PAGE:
Study No. 7, title, "Snow Lights," by Geo. H. Scheer, M. D., Sheboygan, Wis. Hung at the Fourth American Salon. This picture was made on a very bright sunny day, at about 3 P. M., in the month of March. Lens used, Rapid Rectilinear, wide open; plate used, Orthonon; exposure given, one second, with Burke & James Ideal Ray Filter; developed in dilute pyro-soda developer. Print was made by straight enlargement from an unaltered negative; enlargement was made on Platinoid Bromide, 10x12 inches, from only a portion of a 5 x 7 negative.

Study No. 8, title, "A Dull October Day," by John Chislett, Indianapolis, Ind. Exposure was made at 4:30 P.M., with a Smith lens, very slightly stopped down; plate used, Cramer Instantaneous Isochromatic; exposure given, 2 seconds; plate was developed in ortol; there was no altering of the negative or manipulation after development; print was made on Platinum paper, with the foreground darkened in the printing, and a sky printed in from a separate negative. The print was mounted on a light Scotch grey mount.

Study No. 9, title, "Wave Action," by J. R. Peterson, Portland, Ore. Picture was accepted and hung at Third American Salon. This picture was taken after a clearing storm, with a dull light; exposure was made at 10 A. M. in the month of May; lens used was the rear combination of the Plastigmat; focal length, 18 inches; stop used, wide open; exposure given was 1/25 second; plate used, 5 x 7 Orthonon; developer, rodinal. The diffused focus was obtained by focusing for foreground; the printing process was carbon. This negative was worked on by making positives and negatives to increase contrast and to print in the sky, and afterwards the picture was enlarged to 8 x 10. Picture was mounted on black mount.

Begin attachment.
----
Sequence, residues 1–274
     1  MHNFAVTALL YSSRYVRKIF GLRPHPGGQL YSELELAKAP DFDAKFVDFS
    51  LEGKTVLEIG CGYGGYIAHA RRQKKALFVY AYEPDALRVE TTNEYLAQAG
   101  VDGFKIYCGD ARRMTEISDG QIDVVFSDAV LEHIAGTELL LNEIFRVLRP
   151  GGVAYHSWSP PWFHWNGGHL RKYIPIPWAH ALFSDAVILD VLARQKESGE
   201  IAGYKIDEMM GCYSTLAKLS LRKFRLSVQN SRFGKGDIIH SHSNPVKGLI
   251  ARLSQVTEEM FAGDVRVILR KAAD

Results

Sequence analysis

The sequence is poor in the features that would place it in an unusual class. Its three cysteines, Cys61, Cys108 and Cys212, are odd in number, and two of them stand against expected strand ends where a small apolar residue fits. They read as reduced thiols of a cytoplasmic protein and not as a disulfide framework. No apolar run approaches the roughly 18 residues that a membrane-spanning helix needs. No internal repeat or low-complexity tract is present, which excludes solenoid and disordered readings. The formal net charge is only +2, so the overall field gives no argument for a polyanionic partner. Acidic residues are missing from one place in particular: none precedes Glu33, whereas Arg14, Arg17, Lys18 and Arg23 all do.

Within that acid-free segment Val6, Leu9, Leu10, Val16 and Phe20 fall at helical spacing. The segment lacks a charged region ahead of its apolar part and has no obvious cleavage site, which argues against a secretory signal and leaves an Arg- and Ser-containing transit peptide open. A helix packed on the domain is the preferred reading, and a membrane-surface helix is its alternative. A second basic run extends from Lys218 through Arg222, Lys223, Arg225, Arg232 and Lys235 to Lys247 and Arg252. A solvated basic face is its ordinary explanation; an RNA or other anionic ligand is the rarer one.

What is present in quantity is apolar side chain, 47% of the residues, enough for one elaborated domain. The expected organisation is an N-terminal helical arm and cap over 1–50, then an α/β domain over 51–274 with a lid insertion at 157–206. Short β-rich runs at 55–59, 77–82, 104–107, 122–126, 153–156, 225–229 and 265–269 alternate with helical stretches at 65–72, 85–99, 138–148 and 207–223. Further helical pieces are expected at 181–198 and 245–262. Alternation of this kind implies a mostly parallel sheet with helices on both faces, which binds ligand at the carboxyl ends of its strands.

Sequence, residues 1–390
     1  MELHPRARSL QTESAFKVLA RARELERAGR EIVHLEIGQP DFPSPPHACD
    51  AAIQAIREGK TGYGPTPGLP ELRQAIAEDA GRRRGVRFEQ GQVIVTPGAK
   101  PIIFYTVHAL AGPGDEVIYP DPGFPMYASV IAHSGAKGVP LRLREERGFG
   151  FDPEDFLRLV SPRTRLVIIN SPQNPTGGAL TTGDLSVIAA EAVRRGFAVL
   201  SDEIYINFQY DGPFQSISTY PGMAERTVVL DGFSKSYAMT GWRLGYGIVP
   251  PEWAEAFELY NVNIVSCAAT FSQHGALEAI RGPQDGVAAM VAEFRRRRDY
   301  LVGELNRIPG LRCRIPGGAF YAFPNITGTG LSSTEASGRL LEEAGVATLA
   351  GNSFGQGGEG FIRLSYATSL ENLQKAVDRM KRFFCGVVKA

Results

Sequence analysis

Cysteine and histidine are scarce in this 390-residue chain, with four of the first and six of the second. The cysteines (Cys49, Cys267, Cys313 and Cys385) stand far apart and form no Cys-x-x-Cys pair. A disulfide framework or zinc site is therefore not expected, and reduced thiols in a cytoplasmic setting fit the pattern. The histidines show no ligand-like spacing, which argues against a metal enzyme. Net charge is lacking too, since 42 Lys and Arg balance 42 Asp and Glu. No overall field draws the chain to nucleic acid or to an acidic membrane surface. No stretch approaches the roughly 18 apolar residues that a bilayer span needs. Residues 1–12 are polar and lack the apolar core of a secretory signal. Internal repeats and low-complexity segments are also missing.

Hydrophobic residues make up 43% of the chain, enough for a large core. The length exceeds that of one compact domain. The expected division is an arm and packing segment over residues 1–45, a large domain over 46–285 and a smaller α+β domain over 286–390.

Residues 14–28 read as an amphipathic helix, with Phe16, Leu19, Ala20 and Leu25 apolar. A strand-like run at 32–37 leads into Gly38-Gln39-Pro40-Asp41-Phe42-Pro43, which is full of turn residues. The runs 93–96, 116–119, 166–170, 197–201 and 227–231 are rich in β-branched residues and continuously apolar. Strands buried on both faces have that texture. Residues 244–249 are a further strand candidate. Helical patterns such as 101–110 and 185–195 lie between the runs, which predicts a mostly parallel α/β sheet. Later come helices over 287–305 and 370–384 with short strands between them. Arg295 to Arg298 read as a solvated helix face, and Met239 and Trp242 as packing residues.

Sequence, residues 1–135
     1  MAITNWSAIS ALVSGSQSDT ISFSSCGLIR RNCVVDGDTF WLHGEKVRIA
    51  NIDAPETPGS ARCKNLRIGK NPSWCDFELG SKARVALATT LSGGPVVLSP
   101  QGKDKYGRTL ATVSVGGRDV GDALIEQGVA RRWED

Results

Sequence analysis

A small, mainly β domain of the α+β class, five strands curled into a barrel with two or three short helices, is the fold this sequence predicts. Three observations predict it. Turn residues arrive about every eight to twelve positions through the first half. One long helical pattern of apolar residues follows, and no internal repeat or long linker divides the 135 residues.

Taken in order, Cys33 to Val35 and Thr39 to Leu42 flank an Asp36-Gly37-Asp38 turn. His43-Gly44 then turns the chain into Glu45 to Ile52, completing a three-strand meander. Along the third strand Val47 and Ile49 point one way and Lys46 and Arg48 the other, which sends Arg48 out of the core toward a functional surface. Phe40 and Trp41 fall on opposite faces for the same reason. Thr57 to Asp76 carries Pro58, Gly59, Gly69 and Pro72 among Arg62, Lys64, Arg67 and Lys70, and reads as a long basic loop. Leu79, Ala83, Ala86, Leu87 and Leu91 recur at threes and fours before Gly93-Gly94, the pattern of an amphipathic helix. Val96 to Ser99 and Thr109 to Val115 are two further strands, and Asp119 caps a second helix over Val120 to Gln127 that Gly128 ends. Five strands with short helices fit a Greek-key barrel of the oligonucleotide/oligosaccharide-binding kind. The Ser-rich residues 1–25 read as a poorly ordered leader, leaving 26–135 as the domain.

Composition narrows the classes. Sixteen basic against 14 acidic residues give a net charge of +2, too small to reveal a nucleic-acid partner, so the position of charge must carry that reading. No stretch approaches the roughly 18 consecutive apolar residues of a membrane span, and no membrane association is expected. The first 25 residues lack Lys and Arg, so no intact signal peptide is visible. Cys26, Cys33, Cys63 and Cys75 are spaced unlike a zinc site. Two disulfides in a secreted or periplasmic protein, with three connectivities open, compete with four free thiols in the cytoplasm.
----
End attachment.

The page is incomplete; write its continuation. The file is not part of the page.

Study No. II, title, "Sand Dune," by J. S. Neary, Trenton, N. J. This picture was taken about 5 o'clock, with a Goerz lens fitted to a 61/2 x 81/2 camera; plate used was double coated, developed in ortol, and with no after manipulation.

Study No. 12, title, "The Uphill Road," by Geo. H. Scheer, M. D., Sheboygan, Wis. This picture was made on a very bright sunny day, with good clouds in the sky, at about 3 P. M., in the month of July. The lens used was Rapid Rectilinear, worked wide open; plate used was Orthonon; exposure given, 1/2 second, with a Burke & James Ray Filter. Plate was developed by tank development in 25-minute-pyro formula. The negative was enlarged from an altered negative. Enlargement was made on Platinoid Bromide, the sky portion receiving somewhat longer exposure than the rest of the picture.

Study No. 13, title, "A Tokio Waterway," in Tokio, Japan, by William H. Phillips, Liverpool, Ohio. Camera used was a No. 3 Folding Pocket Kodak; lens used, Goerz 5 inch focus, Series 3; negative was made on non-curling film, developed in Pyro Soda developer. Print is an enlargement on Royal Bromide, size 11x16 inches, developed with rodinol strong solution - one part rodinol, six parts water.

Study No. 14, title, "Ocean Waves," by J. S. Neary, Trenton, N. J. Exposure was made about 6 A. M.; lens used was Goerz, fitted to a 61/2 x 81/2 Century camera; plate used, double coated; developed with ortol, with no after manipulation. Print was mounted on carbon black cardboard.